Businesses offer incentive compensation management programs to ensure that personnel always feel driven to try harder, sell better and seek out opportunities to do better than before. However, offering a one-time payoff for a job well done may not encourage the kind of positive, ongoing motivation that organizations need in order to keep employees engaged. Creating a sense of ownership toward the business itself and value for the company as a whole is one of the best ways of increasing the amount of effort personnel put in every day at work, and producing this outcome could call for heightened reliance on long-term incentive compensation.

CFO Online reported that one of the greatest options that medium and large businesses have is in offering their employees a greater stake in their operations as a whole. Granting top-performing personnel shares in the company means that the value of these rewards is tied to how well the corporations continues to do. That means the more revenue a sales team representative brings in, the better the next quarter's report will be for the organization. Positive annual feedback amounts to ongoing increases in the value of incentive rewards for employees of all kinds.

Easy money options
Making employees vested after a certain number of years is therefore an increasingly popular option for many firms. Not only does this option create a sense of ownership and personal interest in the organization as a whole, it also doesn't really cost the business anything to grant. Rather than rewarding personnel with incentive compensation resources like money, trips or time off, businesses simply grant top-performing personnel shares in the organization with inherent value tied to how well the organization does as a whole. This creates a significant return on investment for employees and corporations alike, as staff members are granted a highly valuable incentive compensation resource that grows as they help further improve the company.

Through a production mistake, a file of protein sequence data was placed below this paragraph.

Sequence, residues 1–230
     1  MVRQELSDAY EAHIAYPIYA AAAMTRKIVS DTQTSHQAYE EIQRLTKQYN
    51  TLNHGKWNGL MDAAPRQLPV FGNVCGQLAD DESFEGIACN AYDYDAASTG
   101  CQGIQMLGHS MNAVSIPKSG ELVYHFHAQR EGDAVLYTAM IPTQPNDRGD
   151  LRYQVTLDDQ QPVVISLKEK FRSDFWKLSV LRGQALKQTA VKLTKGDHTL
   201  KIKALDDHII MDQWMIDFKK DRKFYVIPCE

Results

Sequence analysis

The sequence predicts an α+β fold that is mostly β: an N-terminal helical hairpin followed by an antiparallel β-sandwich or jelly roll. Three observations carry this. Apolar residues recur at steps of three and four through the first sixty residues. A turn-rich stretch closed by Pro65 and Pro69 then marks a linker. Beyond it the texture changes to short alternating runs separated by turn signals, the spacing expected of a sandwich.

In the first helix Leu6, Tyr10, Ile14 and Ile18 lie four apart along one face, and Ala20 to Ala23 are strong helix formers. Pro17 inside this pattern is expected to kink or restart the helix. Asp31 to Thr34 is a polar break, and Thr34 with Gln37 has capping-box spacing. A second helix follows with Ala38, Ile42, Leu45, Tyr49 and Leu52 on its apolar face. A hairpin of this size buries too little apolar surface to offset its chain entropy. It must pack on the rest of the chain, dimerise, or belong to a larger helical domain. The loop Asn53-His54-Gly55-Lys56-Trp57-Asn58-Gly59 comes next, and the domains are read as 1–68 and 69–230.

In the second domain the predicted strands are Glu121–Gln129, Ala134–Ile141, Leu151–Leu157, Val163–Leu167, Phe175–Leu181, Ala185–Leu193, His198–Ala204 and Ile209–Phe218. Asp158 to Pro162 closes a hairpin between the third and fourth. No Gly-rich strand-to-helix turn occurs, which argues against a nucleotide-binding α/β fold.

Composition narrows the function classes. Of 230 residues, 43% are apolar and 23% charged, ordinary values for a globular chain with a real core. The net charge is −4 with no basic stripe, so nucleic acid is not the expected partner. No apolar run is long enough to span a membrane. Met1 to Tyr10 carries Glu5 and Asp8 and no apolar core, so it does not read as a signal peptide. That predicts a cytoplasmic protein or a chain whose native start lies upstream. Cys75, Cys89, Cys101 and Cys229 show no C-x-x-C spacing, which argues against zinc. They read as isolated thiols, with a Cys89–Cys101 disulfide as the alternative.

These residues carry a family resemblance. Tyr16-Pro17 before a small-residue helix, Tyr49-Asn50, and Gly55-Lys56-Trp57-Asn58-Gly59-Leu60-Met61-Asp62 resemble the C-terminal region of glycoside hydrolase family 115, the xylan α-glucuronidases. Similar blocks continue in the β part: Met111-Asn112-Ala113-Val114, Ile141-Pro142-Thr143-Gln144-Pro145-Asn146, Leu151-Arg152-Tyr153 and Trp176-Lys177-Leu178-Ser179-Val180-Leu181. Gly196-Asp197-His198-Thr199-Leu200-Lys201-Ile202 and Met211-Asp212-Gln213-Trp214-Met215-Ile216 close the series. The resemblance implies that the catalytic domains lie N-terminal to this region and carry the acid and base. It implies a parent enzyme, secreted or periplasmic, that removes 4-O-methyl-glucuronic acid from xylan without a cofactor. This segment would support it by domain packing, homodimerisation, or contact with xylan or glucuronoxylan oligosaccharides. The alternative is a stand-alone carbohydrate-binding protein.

According to Modern Healthcare, as personnel even at the highest levels of the organization make more money, so too do businesses fare better. Though the associated growth is somewhat skewed in favor of individuals, companies saw an overall 2 percent increase in annual revenue and performance metrics, while executive-level personnel made around 20 percent more in incentives and salaries than they did in 2011. The source reported that as much as 60 percent of each employee's individual income was directly tied to performance metrics, meaning that staff members have been exerting themselves and taking more ownership of their work in response to enhanced incentive compensation offers.